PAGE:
The federal government has been planning to offload unutilized spectrum in 1800MHz and 2100MHz frequency bands to earn some much-needed non-tax revenues within FY21. Those frequency bands are ideal to run 4G networks. Mobile network operators (MNOs) need more spectrum to expand and improve their 4G coverage. But spectrum pricing remains a contentious issue, as operators feel burdened by high upfront fees, whereas the government comes back to the market every few years to score a windfall.
Reportedly, the auction, for which an international consultant had been hired earlier in January this year, would take place next month before the fiscal is closed. Previously, the finance ministry was keen to conclude the process in May. Perhaps June will be different. However, since the pre-auction Information Memorandum hasn’t been published so far, one cannot really say that the authorities are showing a sense of urgency to conclude the process and get paid before June 30.
But if everything goes as planned vis-à-vis the pre-auction modalities that will require at least a month to run through, the government is expected to net a handsome amount. What is the magic number? It depends on how much spectrum there is to sell, what the per MHz price is on offer, and how the mobile network operators react to pricing and rollout obligations, among other T&Cs. Those variables will be known once the Information Memorandum is out.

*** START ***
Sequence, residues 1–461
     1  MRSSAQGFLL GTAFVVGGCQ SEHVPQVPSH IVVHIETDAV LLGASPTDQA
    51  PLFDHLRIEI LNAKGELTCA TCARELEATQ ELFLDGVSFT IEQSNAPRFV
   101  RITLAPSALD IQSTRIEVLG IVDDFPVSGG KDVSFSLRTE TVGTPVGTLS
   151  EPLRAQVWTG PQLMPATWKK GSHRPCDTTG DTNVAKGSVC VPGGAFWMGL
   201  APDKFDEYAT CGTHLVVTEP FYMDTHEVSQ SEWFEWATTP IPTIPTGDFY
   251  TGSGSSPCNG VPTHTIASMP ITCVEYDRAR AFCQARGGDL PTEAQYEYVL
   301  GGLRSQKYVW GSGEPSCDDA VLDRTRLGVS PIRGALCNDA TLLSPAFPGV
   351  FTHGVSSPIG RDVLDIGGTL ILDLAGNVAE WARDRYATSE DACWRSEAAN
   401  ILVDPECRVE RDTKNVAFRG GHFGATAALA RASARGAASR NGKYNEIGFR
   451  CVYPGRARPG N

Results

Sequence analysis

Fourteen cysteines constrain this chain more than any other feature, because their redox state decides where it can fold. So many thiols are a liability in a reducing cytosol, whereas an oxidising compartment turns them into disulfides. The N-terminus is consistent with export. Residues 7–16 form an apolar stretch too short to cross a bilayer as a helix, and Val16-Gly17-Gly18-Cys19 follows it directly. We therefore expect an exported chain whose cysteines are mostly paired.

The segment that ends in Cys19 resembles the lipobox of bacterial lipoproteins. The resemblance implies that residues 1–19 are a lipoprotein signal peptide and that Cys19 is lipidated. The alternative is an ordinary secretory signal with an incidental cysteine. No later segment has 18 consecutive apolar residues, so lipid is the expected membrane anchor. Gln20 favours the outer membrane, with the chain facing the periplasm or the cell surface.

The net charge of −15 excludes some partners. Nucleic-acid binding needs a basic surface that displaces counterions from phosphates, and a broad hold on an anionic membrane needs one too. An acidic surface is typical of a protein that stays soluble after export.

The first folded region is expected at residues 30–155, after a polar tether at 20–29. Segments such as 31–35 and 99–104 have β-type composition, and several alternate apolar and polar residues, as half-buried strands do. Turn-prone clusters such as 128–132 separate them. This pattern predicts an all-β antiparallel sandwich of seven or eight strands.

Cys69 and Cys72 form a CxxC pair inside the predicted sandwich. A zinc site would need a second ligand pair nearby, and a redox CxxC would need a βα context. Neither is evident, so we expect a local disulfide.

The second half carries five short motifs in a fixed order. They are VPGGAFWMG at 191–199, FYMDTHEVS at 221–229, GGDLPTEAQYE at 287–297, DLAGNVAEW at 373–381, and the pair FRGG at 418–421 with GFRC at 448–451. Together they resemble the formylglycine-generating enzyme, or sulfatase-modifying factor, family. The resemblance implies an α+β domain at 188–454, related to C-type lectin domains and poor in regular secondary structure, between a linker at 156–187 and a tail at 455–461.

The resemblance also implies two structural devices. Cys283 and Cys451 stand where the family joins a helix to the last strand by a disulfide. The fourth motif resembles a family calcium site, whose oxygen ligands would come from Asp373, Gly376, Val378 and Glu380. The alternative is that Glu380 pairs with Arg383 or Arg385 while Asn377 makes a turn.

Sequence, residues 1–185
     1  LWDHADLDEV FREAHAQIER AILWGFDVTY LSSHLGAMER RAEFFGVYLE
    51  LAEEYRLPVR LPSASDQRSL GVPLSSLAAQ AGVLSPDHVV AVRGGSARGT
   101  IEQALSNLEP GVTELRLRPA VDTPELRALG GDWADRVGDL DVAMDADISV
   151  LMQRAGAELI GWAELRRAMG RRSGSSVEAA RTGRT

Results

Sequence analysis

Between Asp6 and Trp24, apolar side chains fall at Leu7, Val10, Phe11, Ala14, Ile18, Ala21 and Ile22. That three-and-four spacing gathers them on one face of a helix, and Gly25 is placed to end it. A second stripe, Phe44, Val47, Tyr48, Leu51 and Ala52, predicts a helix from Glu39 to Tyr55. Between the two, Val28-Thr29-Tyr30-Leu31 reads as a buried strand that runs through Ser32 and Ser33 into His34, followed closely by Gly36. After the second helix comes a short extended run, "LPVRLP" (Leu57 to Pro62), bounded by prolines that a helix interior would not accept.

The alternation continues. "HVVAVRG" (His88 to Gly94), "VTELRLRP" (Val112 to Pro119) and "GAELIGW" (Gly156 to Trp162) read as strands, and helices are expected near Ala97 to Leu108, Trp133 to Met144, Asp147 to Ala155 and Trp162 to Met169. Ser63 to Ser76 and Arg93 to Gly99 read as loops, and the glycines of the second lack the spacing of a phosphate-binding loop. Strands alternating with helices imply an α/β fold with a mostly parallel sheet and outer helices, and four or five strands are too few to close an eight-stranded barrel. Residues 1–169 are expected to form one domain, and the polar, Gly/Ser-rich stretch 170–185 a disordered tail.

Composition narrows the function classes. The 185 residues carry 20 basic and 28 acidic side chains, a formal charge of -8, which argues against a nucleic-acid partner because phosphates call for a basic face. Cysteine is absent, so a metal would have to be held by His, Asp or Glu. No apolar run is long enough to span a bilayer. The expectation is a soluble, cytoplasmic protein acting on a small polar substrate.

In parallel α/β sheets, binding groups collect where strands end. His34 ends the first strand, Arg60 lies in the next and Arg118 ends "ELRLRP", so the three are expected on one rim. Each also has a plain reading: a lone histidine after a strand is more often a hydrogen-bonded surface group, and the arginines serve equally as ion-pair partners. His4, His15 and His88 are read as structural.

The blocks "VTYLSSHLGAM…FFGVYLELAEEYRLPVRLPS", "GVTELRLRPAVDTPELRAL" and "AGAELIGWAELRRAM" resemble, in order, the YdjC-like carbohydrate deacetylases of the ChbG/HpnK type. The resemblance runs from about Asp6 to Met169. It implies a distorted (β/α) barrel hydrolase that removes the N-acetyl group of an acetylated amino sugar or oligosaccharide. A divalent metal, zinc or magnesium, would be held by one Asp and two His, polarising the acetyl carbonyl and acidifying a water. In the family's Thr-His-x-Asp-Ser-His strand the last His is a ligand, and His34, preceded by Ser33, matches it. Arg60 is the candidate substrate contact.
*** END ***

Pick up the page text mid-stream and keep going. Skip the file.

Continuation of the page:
If the MNOs partook in the bidding activity with active interest, the upcoming auction could be a mega one, just as it was seven years ago. The government at the time (April 2014) had sold off 10MHz in 1800MHz band and 30MHz in 2100MHz band, at a total fee of $1.12 billion. Half of those proceeds were deposited by operators before the close of FY14, and the remaining half had to be paid off over five years.
For the upcoming auction, market sources suggest there can be three blocks of 9MHz-10MHz each on sale, with per MHz price (base price) ranging from $29 million to $31 million. While competition for three spectrum blocks in a four-player market is expected to be very limited, a nominal single-digit increase in base price can be expected. Even at base price, the government can achieve a sale of about $850 million. With 50 percent payment option, the treasury may receive about Rs64 billion before FY21 is out.
Let’s wait and see what the Information Memorandum really has in store. For the government, it is important to make this auction a success not only from a financial standpoint, but also from the lens of investor confidence. If the operators participated with zeal, it will be an indication that they have moved on from the license-renewal saga and the taxman-intimidation episode in recent times. But if their participation isn’t up to expectations, the policymakers will have to do some introspection.